A tale of two sectors
There is the increasing divergence in fortunes of PNG’S mining and petroleum sectors, according to Greg Anderson, Executive Director of the Papua New Guinea Chamber of Mines and Petroleum.
While the country’s petroleum and gas sector is moving from strength to strength on the back of the Exxonmobil-led PNG LNG project, mining is in the doldrums.
‘For the past 10 years, we’ve had solid growth in both sectors,’ Anderson tells Business Advantage. ‘Gas is still very positive, whereas mining is facing a lot of questions.’
‘The mining industry is facing difficult times. Globally, prices have fallen, there are productivity declines and financing has dried up for exploration and for producers.’
‘We’ve been trying to take the message to the PNG Government that we’re facing challenging times.’
There is some good news, with Panaust a welcome new player due to its interest in the Frieda River project, and Indochine Mining and Numinco Group increasing their commitment to PNG by listing locally in the past year.
However, existing mines such as Ok Tedi and Lihir have cut jobs, while ‘exploration has come to a stop, except for a few exceptions.'’
One positive development is the massive Wafi-golpu gold project, being jointly developed by Newcrest Mining and Harmony Gold in Morobe Province, which is entering feasibility study stage.
New Mining Act
Against this background, the industry is awaiting a revised Mining Act from the PNG Government, currently in draft form. Anderson remains hopeful the new Act can deliver an environment that encourages mining investment.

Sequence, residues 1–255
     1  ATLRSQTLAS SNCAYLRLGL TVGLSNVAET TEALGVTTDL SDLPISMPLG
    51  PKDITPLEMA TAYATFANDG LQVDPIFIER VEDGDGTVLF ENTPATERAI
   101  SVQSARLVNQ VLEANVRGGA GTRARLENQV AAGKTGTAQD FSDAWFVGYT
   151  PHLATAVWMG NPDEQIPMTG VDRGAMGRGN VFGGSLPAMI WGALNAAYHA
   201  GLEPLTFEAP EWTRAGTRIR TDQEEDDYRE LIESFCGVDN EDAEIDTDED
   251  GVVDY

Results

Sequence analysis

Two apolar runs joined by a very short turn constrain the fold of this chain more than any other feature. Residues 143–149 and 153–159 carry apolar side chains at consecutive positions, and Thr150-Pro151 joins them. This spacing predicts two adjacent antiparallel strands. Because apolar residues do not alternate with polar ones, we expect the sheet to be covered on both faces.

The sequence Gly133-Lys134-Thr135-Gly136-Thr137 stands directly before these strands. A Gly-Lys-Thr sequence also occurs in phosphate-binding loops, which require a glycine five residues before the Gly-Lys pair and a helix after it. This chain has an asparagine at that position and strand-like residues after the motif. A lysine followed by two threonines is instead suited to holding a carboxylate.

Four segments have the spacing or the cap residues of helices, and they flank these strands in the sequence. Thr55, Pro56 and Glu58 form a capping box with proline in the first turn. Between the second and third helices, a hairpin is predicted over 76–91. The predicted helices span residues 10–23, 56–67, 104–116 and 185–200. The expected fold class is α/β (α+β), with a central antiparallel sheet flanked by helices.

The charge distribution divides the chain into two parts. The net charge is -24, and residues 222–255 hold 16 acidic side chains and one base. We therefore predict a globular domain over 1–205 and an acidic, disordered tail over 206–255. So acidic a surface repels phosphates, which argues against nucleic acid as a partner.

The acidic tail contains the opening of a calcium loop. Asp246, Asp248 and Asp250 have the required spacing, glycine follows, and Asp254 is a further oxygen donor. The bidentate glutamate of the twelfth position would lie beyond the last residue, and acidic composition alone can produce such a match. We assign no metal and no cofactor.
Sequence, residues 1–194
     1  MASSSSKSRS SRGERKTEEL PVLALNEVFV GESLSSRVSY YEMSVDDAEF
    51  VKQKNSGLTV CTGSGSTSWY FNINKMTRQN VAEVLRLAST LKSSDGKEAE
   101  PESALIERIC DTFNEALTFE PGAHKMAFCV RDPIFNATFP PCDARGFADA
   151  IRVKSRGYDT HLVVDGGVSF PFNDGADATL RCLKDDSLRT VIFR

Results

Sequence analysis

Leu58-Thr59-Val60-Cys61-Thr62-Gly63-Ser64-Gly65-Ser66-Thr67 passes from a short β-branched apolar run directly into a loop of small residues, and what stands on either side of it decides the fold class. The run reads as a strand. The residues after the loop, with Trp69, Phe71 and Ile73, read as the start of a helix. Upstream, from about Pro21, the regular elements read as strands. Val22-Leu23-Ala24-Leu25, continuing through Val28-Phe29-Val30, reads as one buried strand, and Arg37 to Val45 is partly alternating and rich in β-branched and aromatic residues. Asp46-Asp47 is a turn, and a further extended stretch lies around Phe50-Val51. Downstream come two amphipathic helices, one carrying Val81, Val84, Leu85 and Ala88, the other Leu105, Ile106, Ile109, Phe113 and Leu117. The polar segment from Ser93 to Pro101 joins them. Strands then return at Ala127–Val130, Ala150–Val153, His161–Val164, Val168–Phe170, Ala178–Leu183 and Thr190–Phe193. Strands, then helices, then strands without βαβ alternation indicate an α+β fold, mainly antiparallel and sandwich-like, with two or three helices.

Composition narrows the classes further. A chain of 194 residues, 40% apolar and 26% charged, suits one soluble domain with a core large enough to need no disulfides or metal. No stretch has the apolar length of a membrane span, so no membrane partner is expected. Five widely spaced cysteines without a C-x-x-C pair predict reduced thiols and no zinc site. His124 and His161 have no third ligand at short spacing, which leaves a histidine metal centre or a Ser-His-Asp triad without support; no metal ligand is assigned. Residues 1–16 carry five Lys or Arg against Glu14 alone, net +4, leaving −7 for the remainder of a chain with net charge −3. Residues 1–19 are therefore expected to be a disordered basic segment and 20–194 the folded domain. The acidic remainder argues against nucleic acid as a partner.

‘We’ve been trying to take the message to the PNG Government that we’re facing challenging times. It’s not PNG’S fault; it’s cyclical.’
There’s no knowing how long the current mining slump will last, although there are some encouraging signs out of China on the demand side, and Newcrest, after posting significant losses in 2013, is already reporting a profit turnaround.
Meanwhile, Anderson says, ‘ there are lots of great stories in oil and gas’: not only the imminent completion of the Exxonmobil-led PNG LNG project (see page 28), which he describes as a ‘huge achievement,’ but also promising work being done by Talisman Energy, Horizon Oil and Heritage Oil.
The industry is also still buzzing from the news that Interoil has chosen French major Total SA as its partner for what looks like being PNG’S second LNG project (see page 27). The presence of a second major in PNG’S petroleum sector is a major coup for PNG.